Notes on Wool: Sample #1

Through my Notes on Wool series, I explore various types of wool available in Morocco. As a new spinner, I am also using this opportunity to learn about the process of turning raw wool into yarn suitable for knitting (my preferred craft medium). What follows are the steps I took, their results, and my observations so that I don’t forget what I’ve learned.

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Approximately 600 grams of unknown fleece from a Moroccan couch maker located in Rabat’s Old City. He uses this wool to stuff the long, bench-like couches that flank living room walls.

 

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A close-up of the unknown wool. It appears to have been washed as it does not have a greasy feel and it is fairly free of debris. However, it still has bits of VM and possible feces and urine marks from the sheep. This is not a complete fleece and appears to be odds and ends mixed together.

 

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The staple length appears to be between 5.25 inches and 7.5 inches. The fibers appear to be quite smooth with very little to no crimp.

 

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After 3 to 4 passes through the combs, the fibers line up nicely and almost all of the VM is gone. I removed a few noils as I combed, but there remain a few. The combed wool has a rustically soft hand, and it feels quite fluffy.

 

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The combed top pulls through my makeshift diz fairly easily. The staple is fairly long, so I am able to pull in long-ish chunks.

 

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I encountered a couple of noils as I pulled the top through my diz. I carefully removed these to create as smooth a top as possible.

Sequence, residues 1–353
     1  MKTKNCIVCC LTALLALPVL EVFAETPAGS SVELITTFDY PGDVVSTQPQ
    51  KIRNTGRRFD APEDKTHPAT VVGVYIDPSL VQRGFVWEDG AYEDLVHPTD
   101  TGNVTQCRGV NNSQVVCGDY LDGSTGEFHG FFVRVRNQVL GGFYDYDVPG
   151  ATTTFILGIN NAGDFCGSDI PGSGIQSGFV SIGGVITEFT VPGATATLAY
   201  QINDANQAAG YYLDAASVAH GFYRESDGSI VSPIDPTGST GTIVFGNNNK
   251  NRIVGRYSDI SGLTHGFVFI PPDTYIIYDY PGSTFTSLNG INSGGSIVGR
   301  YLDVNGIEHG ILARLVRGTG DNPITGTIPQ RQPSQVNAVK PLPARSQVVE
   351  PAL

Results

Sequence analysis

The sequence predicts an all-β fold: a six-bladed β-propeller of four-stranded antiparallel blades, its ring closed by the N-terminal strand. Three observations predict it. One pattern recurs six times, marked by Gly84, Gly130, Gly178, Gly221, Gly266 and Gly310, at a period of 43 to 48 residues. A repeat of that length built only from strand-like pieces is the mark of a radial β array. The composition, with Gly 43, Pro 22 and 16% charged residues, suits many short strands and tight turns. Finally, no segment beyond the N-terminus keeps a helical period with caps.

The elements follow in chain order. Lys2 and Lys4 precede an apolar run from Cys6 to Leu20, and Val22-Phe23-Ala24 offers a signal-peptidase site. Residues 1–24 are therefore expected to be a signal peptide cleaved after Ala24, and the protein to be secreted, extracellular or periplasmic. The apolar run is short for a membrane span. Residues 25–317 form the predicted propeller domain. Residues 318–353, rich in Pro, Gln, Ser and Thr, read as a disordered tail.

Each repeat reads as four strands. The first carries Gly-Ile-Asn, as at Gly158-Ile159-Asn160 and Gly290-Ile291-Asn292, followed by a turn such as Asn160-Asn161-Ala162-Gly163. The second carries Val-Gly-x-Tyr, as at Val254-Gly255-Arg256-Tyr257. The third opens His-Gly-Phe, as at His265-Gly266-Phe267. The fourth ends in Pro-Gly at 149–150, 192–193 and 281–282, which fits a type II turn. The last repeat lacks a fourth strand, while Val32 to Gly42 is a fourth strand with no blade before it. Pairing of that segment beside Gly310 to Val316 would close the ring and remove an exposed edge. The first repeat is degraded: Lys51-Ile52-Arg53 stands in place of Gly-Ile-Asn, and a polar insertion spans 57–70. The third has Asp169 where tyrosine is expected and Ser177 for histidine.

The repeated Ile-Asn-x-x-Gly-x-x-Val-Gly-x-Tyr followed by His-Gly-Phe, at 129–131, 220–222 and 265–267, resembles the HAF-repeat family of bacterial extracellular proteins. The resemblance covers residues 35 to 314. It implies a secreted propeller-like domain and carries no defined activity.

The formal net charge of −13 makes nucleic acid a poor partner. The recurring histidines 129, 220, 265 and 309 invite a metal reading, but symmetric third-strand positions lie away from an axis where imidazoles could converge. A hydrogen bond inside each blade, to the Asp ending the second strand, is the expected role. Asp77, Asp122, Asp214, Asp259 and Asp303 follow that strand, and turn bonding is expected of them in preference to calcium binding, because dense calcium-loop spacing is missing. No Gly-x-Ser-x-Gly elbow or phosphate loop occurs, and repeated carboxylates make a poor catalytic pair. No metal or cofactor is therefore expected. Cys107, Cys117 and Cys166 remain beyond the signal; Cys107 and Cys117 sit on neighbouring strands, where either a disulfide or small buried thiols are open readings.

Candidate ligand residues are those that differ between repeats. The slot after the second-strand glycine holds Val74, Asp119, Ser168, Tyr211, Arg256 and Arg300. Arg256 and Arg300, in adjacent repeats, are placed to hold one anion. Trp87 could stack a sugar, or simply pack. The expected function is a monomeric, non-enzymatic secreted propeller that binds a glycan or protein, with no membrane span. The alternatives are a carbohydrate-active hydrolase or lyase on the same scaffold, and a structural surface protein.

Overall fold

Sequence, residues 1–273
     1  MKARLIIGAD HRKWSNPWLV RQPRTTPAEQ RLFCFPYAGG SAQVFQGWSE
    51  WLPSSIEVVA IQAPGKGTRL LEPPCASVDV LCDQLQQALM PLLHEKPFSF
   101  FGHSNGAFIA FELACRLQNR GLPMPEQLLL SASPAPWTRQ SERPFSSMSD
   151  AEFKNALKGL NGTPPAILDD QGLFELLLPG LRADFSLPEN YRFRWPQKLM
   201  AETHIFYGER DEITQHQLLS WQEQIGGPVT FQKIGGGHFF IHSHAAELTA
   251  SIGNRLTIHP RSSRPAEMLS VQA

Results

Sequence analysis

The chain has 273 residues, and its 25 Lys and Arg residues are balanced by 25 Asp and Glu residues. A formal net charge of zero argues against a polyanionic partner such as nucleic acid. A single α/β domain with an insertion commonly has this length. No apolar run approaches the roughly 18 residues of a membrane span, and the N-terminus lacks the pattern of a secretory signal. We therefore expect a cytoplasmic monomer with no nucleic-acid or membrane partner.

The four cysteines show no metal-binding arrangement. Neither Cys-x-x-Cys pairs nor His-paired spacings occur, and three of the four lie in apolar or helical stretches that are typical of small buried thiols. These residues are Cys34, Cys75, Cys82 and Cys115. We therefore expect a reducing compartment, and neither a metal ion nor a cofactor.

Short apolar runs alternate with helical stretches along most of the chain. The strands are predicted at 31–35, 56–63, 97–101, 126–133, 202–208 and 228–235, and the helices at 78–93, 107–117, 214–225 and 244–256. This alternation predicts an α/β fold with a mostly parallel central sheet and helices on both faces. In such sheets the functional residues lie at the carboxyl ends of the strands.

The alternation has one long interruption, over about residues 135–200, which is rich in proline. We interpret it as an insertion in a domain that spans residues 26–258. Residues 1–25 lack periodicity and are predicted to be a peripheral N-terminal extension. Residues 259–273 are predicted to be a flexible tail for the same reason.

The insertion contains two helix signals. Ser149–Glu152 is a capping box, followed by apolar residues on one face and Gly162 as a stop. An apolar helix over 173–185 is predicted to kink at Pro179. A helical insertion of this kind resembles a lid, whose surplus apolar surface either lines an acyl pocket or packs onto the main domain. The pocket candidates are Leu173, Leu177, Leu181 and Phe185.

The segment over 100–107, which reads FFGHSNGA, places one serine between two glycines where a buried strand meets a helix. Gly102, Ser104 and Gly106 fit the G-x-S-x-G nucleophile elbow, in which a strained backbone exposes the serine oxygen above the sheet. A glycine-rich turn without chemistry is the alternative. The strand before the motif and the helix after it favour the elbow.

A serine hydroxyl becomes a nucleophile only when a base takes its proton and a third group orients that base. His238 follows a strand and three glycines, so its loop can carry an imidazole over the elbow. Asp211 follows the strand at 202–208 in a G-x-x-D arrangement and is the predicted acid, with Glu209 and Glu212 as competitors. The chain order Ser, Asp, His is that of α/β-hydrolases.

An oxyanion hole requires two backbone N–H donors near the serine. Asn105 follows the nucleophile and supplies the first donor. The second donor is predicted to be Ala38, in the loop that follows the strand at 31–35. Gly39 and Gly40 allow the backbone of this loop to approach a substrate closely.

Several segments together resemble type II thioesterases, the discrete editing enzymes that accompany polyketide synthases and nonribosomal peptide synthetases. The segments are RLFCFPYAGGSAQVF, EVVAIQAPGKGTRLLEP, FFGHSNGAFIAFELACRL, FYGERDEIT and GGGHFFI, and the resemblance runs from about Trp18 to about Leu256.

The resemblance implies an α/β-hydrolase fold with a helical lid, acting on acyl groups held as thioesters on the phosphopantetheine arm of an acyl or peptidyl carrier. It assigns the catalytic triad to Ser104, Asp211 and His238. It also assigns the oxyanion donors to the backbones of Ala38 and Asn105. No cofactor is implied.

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A close-up of the combed top.

 

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I’m still new to spinning and am working on consistency. My preferred mode of spinning is park-and-draft. I used a top whorl Ashford spindle and a mostly worsted draft.

 

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I used very hot tap water with some dish soap in it to set the twist. There probably shouldn’t have been so many suds, but I think it worked, anyway. After filling up my wash basin, I placed the skein on top and allowed it to sink to the bottom of its own accord. Once on the bottom, I let it soak there a few minutes more. Then, I gently removed it from the bath, rinsed my sink out and filled it with very hot tap water. I let the skein soak in this for a few minutes before removing it, gently squeezing out the water, and then laying it out to dry.

 

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I used US 7 knitting needles to make a swatch.

 

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This swatch was soaked in cold water and gently pinned to dry. There are 15.5 stitches in 4 inches and 23 rows in 4 inches. It has an overall fuzzy halo, and the feel is rustic but soft. It is less scratchy than Icelandic wool and could be worn next bare skin on your arm. I wore it tucked into the collar of my shirt for half an hour and did not notice it too much.

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